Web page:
Last week started out as any normal week but as the days unfolded, it turned into an abnormally normal one. Let me try to unravel the tangled mess that we walked through and have found, unfortunately, to be all-too-common on this side of the planet.
After an amazing weekend at church, I received word early on Tuesday morning from one of our church members that her 5-year-old niece was very sick with malaria. She had been transferred from a local clinic to a government hospital on Monday and had taken a turn for the worse. I had planned to be out around lunchtime and said I’d pass by around 1 p.m. to pray for the child. She said, “Come now.”
Gripped by the urgency of the moment, I jumped into the car with Selenie, one of our leaders and a dear friend, and headed for the hospital. The child’s family met us outside with worry written all over their faces. I was briefed us on how the little girl had suddenly taken a turn for the worse overnight. The doctors were scrambling to treat her. More tests were needed. We all gave some money as the exams wouldn’t be done without payment. Nothing is done here without up-front payment, not even potentially lifesaving diagnostic tests.
By this time, we were standing outside the intensive care unit where the little girl was. The child’s mother came out momentarily and was able to escort us to the bedside of her little daughter. Inside the room, an older relative, who I assumed was her grandmother, was stroking her head and praying as the child convulsed. She was praying desperate prayers.
Selenie and I, unprepared to see what was happening before us, laid our hands on the little girl’s flailing arms and legs and began to pray. Little can be said in such a moment of anguish ,so we cried out to Jesus.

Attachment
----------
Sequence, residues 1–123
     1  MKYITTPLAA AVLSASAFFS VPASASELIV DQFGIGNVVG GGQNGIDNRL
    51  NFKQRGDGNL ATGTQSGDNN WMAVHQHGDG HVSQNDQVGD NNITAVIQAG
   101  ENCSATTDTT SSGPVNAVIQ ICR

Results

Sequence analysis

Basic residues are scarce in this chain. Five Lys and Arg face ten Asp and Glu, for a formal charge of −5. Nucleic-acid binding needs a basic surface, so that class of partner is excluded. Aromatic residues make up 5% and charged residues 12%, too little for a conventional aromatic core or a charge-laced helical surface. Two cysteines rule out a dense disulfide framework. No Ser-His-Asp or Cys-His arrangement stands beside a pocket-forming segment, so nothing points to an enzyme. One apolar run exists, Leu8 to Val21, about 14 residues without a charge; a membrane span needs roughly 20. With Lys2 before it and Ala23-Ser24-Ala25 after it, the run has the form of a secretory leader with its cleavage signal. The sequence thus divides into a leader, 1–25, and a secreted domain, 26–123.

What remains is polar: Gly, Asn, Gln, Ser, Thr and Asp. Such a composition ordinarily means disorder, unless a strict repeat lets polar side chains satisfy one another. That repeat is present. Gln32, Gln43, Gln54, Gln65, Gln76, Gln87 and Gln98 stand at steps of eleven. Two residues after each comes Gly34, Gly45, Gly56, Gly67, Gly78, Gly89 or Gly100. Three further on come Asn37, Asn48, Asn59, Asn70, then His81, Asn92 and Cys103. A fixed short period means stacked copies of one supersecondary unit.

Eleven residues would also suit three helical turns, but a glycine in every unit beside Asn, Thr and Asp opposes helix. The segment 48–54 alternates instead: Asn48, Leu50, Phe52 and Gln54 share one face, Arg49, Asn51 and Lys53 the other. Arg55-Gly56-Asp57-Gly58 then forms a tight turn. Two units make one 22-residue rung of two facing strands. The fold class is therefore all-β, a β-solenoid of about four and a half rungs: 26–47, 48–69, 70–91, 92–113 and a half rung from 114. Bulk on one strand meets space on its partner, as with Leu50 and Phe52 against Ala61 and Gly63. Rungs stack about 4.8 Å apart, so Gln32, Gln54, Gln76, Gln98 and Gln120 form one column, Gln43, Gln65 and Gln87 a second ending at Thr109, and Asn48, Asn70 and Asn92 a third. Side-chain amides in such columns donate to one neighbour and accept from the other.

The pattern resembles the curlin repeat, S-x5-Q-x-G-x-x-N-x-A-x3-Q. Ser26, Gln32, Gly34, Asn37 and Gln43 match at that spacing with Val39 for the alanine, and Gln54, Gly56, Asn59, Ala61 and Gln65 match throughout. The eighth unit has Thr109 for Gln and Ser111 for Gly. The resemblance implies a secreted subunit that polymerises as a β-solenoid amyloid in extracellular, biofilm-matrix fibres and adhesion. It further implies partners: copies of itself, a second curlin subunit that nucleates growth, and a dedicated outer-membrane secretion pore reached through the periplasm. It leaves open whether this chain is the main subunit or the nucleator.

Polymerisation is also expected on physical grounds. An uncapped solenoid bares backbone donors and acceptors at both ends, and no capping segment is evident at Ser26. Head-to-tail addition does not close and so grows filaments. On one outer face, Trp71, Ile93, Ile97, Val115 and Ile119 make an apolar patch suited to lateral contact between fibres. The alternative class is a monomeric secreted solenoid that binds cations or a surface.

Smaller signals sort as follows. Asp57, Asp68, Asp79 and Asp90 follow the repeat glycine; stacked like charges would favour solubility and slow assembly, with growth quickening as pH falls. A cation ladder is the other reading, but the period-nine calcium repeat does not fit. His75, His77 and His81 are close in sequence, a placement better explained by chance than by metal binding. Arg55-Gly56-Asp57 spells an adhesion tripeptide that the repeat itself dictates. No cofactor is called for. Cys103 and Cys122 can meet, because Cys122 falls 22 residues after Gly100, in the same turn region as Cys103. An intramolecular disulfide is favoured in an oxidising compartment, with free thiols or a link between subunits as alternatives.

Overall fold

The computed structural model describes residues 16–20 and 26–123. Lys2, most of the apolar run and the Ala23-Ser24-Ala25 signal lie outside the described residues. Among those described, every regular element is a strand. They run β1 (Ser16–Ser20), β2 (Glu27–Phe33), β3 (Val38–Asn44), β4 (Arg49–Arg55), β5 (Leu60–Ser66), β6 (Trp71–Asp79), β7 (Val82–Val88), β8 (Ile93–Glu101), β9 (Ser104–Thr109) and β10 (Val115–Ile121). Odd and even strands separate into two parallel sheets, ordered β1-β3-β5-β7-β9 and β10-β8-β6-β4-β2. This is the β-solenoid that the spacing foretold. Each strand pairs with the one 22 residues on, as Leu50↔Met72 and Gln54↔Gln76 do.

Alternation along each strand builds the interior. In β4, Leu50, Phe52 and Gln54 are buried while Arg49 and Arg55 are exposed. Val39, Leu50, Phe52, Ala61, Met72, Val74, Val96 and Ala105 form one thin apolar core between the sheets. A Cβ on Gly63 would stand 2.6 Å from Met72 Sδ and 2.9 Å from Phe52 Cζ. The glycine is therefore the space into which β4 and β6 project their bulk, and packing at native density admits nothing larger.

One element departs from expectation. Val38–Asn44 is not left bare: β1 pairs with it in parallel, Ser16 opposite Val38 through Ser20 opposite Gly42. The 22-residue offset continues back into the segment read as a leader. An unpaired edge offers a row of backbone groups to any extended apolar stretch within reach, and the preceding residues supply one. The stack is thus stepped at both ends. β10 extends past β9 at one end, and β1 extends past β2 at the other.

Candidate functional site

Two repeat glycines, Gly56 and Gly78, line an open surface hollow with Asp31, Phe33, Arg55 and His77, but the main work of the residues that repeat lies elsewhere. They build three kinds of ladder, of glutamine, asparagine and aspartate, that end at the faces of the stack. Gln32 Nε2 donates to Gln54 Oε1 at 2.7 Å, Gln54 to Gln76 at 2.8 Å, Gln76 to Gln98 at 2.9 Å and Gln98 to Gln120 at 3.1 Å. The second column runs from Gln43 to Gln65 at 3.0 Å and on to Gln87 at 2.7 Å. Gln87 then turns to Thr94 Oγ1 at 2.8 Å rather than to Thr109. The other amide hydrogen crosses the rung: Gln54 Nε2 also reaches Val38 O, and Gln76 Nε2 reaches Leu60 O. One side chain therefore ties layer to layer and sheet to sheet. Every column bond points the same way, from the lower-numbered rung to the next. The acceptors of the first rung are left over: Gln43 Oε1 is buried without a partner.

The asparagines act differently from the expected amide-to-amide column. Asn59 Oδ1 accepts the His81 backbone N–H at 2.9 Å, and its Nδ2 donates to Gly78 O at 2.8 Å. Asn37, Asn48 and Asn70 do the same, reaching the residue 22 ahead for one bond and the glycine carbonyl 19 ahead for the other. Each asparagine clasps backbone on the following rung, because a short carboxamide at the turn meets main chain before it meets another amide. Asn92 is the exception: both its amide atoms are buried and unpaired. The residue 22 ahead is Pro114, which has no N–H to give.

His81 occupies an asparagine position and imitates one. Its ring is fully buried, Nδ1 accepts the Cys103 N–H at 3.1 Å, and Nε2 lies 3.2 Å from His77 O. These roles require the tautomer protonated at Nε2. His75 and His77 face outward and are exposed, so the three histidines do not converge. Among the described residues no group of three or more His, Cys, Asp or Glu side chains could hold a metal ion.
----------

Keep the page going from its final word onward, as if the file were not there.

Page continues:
A few moments later, I noticed some movement out of the corner of my eye and knew the doctors wanted to tend to her. We concluded our prayers and exited the room, the heavy metal door locking loudly behind us.
We did our best to encourage the father and other family members we found outside. Our words felt so very inadequate. The father had married the mother after his first wife died. This little girl was their first child together. His facial expression belied his worry and I had no words; I could only be present.
After some time, Selenie and I made our way home, praying for the best. What we had hoped and prayed for, a miracle healing, did not take place and less than two hours later, the message came, “The child has died.”
I had no words.
Earlier, I had alerted women in the church to pray when we had been called to the hospital. I had hoped not to have to bring them the news of death. With a heavy heart, I forwarded the message to my ladies and what came next was what I find to be one of the greatest qualities of the people in this part of the world: their ability to comfort grieving families by simply being present.
By Tuesday afternoon, just hours after the death, the family made arrangements to transport the child’s remains to a local morgue. Here, as in many parts of Africa, there aren’t many funeral services here to make arrangements for families. I am not sure why she wasn’t placed into the morgue at the hospital where she had been treated; I suspect it was full. By Tuesday evening, a “kilio” (literally translated, “a crying”), a time of mourning with the family, was being held at the family’s home on the outskirts of town. Since the little girl came from a believing family, the feeling at the kilio was full of hope, comfort, and love. Family, friends and church members filled the house for the three days leading up to the funeral.